I had an interview tonight for what appears to be a great project.Imagine a startup journalism site on nonprofit issues, growing slowly from a simple but professional, top-notch blog into a much more complex and powerful source of information on nonprofit work than currently can be found in one place.

I'm hoping I did as well as I might have. Make money, do good,all at once in one place? Sign me up! I'll let you all know how it goes. We'll see.

I need sleep. Good night, folks


Wednesday, February 27, 2008

What riches for the moral?

Lately, I have been considering, or rather reconsidering, what eyes I look out at the world with. I have always been committed to playing fair, being good to people as much as I can manage and placing principle first.

I am beginning to think that perhaps such an approach may have contributed to losing Marcie.

During my time with Marcie, I did not do some things I now know would have paid off handsomely. Some of these would have brought serious detriment to other people, something I have tried to avoid ("First do no harm..." etcetera).

Others would have been unethical but not harmful to anyone in any direct way. But some I simply had to forgo because Marcie was not going anywhere. Marcie was in San Diego to stay.

I had offers of jobs in San Francisco, Los Angeles and Seattle, Portland and even British Columbia, but Marcie had her foot down. She did not want to leave her parents, specifically her mother, again.

I could have forced her to choose to follow or watch me leave, but I was honestly too smitten. Never mind that some of the jobs and opportunities were simply outstanding, replacing our two salaries at once. Never mind I have always hated the sunshine tax that San Diego levies with aplomb on all not related to the scum who own it.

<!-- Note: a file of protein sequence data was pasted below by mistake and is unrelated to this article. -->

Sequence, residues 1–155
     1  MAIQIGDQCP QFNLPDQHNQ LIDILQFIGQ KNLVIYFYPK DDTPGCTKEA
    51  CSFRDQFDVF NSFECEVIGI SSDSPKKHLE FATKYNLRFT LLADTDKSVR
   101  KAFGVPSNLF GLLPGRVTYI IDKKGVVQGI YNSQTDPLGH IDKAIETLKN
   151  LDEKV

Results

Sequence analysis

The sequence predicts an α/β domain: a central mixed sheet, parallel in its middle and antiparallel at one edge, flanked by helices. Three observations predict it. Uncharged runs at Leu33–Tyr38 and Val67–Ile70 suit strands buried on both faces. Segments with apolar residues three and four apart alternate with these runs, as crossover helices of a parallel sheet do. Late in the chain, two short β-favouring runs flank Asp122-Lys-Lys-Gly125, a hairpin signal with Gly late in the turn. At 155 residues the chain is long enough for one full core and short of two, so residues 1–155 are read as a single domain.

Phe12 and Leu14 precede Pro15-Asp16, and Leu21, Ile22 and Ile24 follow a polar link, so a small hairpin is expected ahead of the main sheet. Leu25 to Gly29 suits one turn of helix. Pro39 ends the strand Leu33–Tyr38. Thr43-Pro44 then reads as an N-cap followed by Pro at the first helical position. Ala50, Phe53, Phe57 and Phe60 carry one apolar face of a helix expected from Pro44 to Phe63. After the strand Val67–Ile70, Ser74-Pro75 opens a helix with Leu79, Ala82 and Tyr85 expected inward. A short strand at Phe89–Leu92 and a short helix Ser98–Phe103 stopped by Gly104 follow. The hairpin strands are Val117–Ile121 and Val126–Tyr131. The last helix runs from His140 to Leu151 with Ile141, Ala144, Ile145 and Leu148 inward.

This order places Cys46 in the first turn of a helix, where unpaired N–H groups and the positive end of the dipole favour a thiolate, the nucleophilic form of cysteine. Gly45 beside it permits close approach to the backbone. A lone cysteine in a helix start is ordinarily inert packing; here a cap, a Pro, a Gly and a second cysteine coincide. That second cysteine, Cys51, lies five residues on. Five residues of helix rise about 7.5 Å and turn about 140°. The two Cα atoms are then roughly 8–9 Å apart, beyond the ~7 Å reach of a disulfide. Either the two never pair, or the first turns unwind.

I loved her and, even if I could win an argument, I could not stand to see her cry. So, I was trapped trying to negotiate a path that kept me happy with her and not so overwhelmed with frustration at the constant struggle to get a decent career going.

One consolation I had was that she always knew that I wanted to move on some of these opportunities. She was always supportive when I did not bury someone at a job after a big backstabbing took the rug out from under me.

"You're a pure soul, and you are better than that," she would say. "I am so proud of you and I am so happy you are not like that."

It is not much consolation right now.

I should have just gone and let her know I wanted her to come along but I would not wait. When I wanted to start a Ph.D., I should have refused to drop it as she wailed about the expense of school and her wish to stay rooted.

I sometimes feel that the jobs at several internet companies I was offered, including those very early on at CNET and a few with more business-oriented startups, would have greatly enriched us. Two of them had spectacular IPOs.

Why is this relevant now? Well, I have been thinking that perhaps not being in a better place with more money and a better life may have killed my baby. That process of thought has been stuck in my brain lately, those regrets and deep guilt teaming up on me as I consider my next moves in life.

I waver between keeping the faith and trying to find such opportunities again and simply going for the jugular on every opportunity I get, hurt to others be damned, ethics be forgotten.

Adding to this is a huge arbitration battle in the future over her death itself. I am a battler, and the only time she would become upset with me was when I would take up a crusade. There is no Mr. Nice Guy when I fight. I do not so much want to win as to thoroughly defeat, destroy and permanently debilitate my opponent.